Health-risk behaviors in teens investigated by u.s. child welfare agencies

Amy Heneghan, Ruth E. K. Stein, Michael S. Hurlburt, Jinjin Zhang, Jennifer Rolls-Reutz, Bonnie D. Kerker, John Landsverk, Sarah McCue Horwitz

Research output: Contribution to journalArticle

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Abstract

Purpose The aim of this study was to examine prevalence and correlates of health-risk behaviors in 12- to 17.5-year-olds investigated by child welfare and compare risk-taking over time and with a national school-based sample. Methods Data from the National Survey of Child and Adolescent Well-Being (NSCAW II) were analyzed to examine substance use, sexual activity, conduct behaviors, and suicidality. In a weighted sample of 815 adolescents aged 12-17.5 years, prevalence and correlates for each health-risk behavior were calculated using bivariate analyses. Comparisons to data from NSCAW I and the Youth Risk Behavior Survey were made for each health-risk behavior. Results Overall, 65.6% of teens reported at least one health-risk behavior with significantly more teens in the 15- to 17.5-year age group reporting such behaviors (81.2% vs. 54.4%; p ≤.001). Almost 75% of teens with a prior out-of-home placement and 77% of teens with child behavior checklist scores ≥64 reported at least one health-risk behavior. The prevalence of smoking was lower than in NSCAW I (10.5% vs. 23.2%; p ≤.05) as was that of sexual activity (18.0% vs. 28.8%; p ≤.05). Prevalence of health-risk behaviors was lower among older teens in the NSCAW II sample (n = 358) compared with those of the 2011 Youth Risk Behavior Surveillance System high school-based sample with the exception of suicidality, which was approximately 1.5 times higher (11.3% [95% confidence interval, 6.5-19.0] vs. 7.8% [95% confidence interval, 7.1-8.5]). Conclusions Health-risk behaviors in this population of vulnerable teens are highly prevalent. Early efforts for screening and interventions should be part of routine child welfare services monitoring.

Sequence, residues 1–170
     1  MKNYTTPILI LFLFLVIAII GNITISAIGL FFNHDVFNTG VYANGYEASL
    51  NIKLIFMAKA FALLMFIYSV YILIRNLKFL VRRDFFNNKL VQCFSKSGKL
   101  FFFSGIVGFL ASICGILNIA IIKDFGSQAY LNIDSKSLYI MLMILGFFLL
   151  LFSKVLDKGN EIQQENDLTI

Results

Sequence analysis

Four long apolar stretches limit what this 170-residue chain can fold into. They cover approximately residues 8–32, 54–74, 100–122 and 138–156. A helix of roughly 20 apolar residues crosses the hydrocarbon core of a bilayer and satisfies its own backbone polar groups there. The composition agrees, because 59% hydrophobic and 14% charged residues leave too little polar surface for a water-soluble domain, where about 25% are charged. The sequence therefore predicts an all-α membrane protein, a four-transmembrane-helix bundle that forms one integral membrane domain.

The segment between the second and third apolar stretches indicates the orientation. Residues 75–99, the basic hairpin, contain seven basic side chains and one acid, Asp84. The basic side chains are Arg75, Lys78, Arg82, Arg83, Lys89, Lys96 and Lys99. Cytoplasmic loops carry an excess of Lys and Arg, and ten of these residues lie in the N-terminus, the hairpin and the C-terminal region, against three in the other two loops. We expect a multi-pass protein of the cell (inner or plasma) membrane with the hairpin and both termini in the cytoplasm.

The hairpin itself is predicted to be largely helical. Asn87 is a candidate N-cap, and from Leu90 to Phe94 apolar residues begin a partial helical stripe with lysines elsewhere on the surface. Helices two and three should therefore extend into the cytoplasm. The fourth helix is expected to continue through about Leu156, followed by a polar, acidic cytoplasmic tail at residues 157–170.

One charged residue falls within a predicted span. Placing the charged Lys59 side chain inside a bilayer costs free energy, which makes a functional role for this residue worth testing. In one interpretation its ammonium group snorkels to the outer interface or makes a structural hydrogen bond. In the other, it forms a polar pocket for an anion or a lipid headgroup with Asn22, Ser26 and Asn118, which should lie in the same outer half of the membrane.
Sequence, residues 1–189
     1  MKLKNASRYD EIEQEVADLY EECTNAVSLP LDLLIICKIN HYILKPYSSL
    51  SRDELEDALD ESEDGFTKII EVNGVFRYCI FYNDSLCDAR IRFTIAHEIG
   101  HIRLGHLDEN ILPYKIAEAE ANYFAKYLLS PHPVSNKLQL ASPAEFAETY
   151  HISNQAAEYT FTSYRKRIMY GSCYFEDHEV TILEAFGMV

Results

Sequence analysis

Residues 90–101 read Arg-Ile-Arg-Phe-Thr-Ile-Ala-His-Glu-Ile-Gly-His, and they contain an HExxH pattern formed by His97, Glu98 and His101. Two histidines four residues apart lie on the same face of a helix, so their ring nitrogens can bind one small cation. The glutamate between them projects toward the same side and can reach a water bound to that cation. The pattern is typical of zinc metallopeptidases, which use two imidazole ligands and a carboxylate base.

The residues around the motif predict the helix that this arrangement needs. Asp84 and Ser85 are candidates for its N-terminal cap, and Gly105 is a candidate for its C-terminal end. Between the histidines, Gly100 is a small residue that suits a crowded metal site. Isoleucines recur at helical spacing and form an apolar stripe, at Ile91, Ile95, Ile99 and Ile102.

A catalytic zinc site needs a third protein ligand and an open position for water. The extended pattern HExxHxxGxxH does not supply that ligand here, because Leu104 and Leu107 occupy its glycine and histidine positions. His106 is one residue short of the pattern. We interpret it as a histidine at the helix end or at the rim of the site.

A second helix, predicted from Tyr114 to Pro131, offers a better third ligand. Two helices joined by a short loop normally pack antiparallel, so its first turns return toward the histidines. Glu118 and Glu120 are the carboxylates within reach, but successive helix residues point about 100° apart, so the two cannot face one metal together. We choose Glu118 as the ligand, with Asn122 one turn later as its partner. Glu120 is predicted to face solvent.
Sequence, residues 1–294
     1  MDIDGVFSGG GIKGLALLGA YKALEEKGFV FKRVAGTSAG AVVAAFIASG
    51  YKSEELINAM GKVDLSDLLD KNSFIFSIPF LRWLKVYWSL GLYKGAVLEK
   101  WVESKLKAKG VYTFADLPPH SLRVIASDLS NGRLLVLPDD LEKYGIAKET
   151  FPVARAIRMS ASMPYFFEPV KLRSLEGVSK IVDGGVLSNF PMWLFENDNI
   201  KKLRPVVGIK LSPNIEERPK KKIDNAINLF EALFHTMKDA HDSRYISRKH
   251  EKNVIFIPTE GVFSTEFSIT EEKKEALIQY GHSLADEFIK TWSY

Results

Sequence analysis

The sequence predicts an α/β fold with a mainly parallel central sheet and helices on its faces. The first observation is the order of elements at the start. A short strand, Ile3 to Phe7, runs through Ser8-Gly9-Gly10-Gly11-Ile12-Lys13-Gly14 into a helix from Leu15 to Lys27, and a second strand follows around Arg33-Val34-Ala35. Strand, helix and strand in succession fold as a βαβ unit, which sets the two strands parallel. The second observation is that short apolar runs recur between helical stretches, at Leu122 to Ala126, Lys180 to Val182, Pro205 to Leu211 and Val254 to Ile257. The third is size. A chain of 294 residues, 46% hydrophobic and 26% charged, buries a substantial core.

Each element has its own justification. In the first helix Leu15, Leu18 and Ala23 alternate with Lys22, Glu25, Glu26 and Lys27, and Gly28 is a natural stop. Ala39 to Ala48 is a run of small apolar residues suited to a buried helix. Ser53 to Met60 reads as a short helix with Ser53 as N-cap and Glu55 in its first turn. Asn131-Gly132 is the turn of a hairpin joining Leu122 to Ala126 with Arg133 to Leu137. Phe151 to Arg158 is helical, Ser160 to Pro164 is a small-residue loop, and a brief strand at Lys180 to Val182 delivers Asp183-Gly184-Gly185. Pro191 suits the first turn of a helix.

Original languageEnglish (US)
Pages (from-to)508-514
Number of pages7
JournalJournal of Adolescent Health
Volume56
Issue number5
DOIs
StatePublished - May 1 2015

Fingerprint

Risk-Taking
Health
Child Welfare
Sexual Behavior
Child Protective Services
Confidence Intervals
Age Factors
Child Behavior
Vulnerable Populations
Checklist
Age Groups
Smoking

Keywords

  • Adolescent
  • Adolescent
  • Child and
  • Child welfare
  • Child welfare investigation
  • Foster care
  • Health-risk behavior
  • National
  • Social risk
  • Survey of
  • Teens
  • Well-Being

ASJC Scopus subject areas

  • Pediatrics, Perinatology, and Child Health
  • Psychiatry and Mental health
  • Public Health, Environmental and Occupational Health

Cite this

Heneghan, A., Stein, R. E. K., Hurlburt, M. S., Zhang, J., Rolls-Reutz, J., Kerker, B. D., ... Horwitz, S. M. (2015). Health-risk behaviors in teens investigated by u.s. child welfare agencies. Journal of Adolescent Health, 56(5), 508-514. https://doi.org/10.1016/j.jadohealth.2015.01.007

Health-risk behaviors in teens investigated by u.s. child welfare agencies. / Heneghan, Amy; Stein, Ruth E. K.; Hurlburt, Michael S.; Zhang, Jinjin; Rolls-Reutz, Jennifer; Kerker, Bonnie D.; Landsverk, John; Horwitz, Sarah McCue.

In: Journal of Adolescent Health, Vol. 56, No. 5, 01.05.2015, p. 508-514.

Research output: Contribution to journalArticle

Heneghan, A, Stein, REK, Hurlburt, MS, Zhang, J, Rolls-Reutz, J, Kerker, BD, Landsverk, J & Horwitz, SM 2015, 'Health-risk behaviors in teens investigated by u.s. child welfare agencies', Journal of Adolescent Health, vol. 56, no. 5, pp. 508-514. https://doi.org/10.1016/j.jadohealth.2015.01.007